protein traffic in the progression of renal failure. Kidney Int 1997;
62:S29-31.

Competing interests: No competing interests

01 February 1999
Olusegun A Mojiminiyi
Assistant Professor
Department of Pathology, Kuwait University
Re: . 318:doi

As a medical student, who is a little older than most, who has
children and who has had a life outside of medicine, I am continually
surprised by the actions and motivations of those in the medical
profession - and I firmly believe that most of those in medical authority
live in another time (perhaps another place).

Conservatism has a place in the running of things - but power (and
remember absolute power corrupts absolutely) has no place in the
distribution of information, the views of others and open debate. Sacking
a editor because he was going to publish a survey is the absolute
corruption of power of the Chairperson and obviously the charter of the
AMA (or perhaps it's not?).

Sex is a natural act and more investigation of this act and the
modern views of the generation for which sex is an open subject, is
important in the care and management of the sexual health for this
generation - open discussion should be encouraged from the top of the tree
- not hidden in a back alley where "deals are done" by a few elite.

It may surprise the Chairperson of the AMA, but there are people
having and discussing sex all over the world and it needs to be discussed
by the medical profession in a professional environment, the fact that the
president of the USA is in trouble for having (or not having) sex is not
the concern of the journal - but it might make the article topical and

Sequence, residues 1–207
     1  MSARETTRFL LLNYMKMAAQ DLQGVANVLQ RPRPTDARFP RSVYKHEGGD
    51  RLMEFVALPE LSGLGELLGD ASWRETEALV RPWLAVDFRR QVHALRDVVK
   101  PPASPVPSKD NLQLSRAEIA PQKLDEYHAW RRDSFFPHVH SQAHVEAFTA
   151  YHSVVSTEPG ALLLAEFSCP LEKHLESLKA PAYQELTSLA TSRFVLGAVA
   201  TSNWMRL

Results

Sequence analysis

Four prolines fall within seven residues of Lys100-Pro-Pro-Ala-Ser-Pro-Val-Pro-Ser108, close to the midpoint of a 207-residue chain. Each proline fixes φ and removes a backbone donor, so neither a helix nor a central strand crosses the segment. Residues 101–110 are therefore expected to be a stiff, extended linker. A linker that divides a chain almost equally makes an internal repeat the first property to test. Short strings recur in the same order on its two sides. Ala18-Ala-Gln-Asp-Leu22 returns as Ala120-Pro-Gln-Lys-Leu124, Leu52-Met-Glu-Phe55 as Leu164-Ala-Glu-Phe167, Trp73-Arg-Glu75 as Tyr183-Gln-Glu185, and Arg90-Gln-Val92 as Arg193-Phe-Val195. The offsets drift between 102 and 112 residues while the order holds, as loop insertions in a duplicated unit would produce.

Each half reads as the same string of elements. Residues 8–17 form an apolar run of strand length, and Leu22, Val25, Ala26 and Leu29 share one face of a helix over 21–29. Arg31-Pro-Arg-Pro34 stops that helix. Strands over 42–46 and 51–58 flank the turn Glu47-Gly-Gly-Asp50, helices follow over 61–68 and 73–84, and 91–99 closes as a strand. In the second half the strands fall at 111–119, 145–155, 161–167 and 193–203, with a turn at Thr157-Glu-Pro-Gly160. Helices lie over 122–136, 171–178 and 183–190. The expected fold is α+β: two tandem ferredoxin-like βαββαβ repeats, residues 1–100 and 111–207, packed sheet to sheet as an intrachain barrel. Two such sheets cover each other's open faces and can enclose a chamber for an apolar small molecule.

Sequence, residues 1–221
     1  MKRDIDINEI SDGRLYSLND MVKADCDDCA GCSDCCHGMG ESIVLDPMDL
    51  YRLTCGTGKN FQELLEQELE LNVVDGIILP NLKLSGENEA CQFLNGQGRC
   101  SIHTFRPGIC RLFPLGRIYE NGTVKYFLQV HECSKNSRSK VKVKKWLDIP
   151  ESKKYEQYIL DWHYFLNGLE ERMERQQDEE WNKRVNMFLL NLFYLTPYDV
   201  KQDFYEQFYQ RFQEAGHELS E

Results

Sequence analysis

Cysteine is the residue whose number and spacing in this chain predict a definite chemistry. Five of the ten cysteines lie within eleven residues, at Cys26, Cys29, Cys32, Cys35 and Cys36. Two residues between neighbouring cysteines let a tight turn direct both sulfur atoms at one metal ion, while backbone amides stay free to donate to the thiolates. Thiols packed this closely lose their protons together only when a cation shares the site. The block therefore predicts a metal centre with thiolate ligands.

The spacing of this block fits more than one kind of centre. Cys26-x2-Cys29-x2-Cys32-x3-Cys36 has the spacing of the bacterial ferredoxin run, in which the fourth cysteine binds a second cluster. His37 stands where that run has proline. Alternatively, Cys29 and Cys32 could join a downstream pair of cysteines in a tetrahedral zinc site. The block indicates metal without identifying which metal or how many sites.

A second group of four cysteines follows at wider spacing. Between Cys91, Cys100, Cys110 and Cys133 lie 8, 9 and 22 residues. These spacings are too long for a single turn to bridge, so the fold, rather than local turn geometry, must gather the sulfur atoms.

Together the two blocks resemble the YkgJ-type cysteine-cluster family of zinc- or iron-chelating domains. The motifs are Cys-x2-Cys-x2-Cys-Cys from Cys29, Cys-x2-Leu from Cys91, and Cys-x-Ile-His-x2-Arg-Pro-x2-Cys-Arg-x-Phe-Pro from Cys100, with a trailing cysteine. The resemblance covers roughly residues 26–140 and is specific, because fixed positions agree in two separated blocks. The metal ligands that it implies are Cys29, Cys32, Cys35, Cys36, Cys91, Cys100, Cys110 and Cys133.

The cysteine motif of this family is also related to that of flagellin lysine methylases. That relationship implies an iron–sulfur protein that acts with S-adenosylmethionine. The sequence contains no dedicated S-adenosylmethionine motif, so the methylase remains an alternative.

more widely read than it may have previously been.

I wonder if the BJM might publish the manuscript so I can have the
pleasure of reading it?

Competing interests: No competing interests

01 February 1999
Gabi Caswell
Medical student
University of Queensland
Re: . 318:doi

While everyone concerned has clearly judged the firing of Dr Lundberg
to be wrong- I am surprised that none of the commentaries suggest a
solution. - At the risk of being called extremely naive I am suggesting
the obvious- the best way to correct the mistake is to reinstate the
esteemed editor - that will be the easiest way the integrity of journal
and its association could be at least partially restored.

Competing interests: No competing interests

01 February 1999
Jayant S Vaidya
Hon. Lecturer
University College London
Re: Nicotine replacement therapy for a healthier nation Liam Smeeth, Godfrey Fowler. 317:doi 10.1136/bmj.317.7168.1266

Dear Editor: In reading the response made by Dr. Robert Bunney I am
pleased finally to read about the acknowledgement that local community